Regarding the age of the participants, children with only a Giardia infection had a median age of 26 months and were found to be significantly older than the children with a Cryptosporidium single infection, who had a median age of 13 months. The latter is supported by the finding of the GEMS study, which reported that Cryptosporidium is the second most important cause of diarrhoea in children under two years of age. In the GEMS study, however, no association between Giardia infection and age was found [16]. Nonetheless, both ages are vulnerable to diarrhoeic diseases because they may lack knowledge about basic hygiene rules or fail to adhere to them, but this does not explain the observed age difference and further behavioural research might be needed to underpin the underlying cause for this.

No significant association between stunting and infection or between wasting and infection was found for either Cryptosporidium or Giardia. These findings contradict with other studies, which found a negative association between Cryptosporidium and Giardia infection and length and weight [28,29,30]. Enteric protozoan parasites are in general associated with lower growth in young children, regardless of diarrheal symptoms, with Cryptosporidium and Giardia being associated with growth shortfalls among asymptomatic children [31]. Furthermore, Cryptosporidium infection, amongst other enteric pathogens, was associated with growth faltering in children with diarrhoea [32]. Regarding gender, no significant association with Cryptosporidium or Giardia infection was found, which is supported by previous studies conducted in different countries [33,34,35].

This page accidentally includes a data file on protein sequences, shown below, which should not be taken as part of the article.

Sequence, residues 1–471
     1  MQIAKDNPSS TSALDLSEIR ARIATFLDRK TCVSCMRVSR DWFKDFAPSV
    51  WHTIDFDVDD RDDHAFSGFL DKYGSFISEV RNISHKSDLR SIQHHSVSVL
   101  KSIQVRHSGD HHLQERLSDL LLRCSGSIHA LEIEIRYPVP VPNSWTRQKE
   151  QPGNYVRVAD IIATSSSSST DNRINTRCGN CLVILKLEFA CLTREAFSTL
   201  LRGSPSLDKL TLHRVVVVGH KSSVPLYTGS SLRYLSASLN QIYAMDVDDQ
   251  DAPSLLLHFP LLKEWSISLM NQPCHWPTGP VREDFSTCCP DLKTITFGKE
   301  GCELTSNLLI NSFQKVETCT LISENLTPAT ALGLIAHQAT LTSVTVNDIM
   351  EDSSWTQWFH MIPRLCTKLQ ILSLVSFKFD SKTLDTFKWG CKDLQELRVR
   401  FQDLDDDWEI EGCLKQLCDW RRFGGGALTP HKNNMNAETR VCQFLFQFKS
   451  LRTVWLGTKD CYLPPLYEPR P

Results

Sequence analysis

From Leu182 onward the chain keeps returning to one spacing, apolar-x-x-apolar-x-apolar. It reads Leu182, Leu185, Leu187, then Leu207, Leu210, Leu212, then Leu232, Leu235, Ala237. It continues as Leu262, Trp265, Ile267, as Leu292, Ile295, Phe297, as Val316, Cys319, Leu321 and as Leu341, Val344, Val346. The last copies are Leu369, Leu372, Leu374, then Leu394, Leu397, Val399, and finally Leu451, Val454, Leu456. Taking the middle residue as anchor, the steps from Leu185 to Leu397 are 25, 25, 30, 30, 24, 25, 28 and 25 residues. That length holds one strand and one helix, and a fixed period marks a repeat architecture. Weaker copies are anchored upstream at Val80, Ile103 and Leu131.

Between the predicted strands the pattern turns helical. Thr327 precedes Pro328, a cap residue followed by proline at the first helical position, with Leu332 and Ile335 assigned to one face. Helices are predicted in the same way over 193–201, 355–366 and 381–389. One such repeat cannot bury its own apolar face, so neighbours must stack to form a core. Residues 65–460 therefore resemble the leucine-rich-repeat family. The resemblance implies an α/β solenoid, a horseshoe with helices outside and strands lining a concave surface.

In 26.3% (256/972) of the diarrhoea cases, a protozoan parasitic infection was the likely cause of disease. For those cases with Giardia infection, treatment with metronidazole is indicated, and in general for diarrhoeal cases (including for those with Cryptosporidium or Giardia infection), supportive treatment with ORS and zinc is indicated. There might have been an underestimation of the actual number of cases infected with Giardia and/or Cryptosporidium because of the inherent limitation in sensitivity of the used RDT. This leaves a substantial population undiagnosed, and the aetiology of diarrhoea in these children remains unknown. Infections with rota-, adenovirus, and norovirus are other main causes of infant diarrhoea in Blantyre [22, 36, 37]. Despite the introduction of a vaccine against rotavirus and sustained high coverage of this vaccine in Malawi, the burden of rotavirus disease remains high and significantly contributes to the number of cases [38].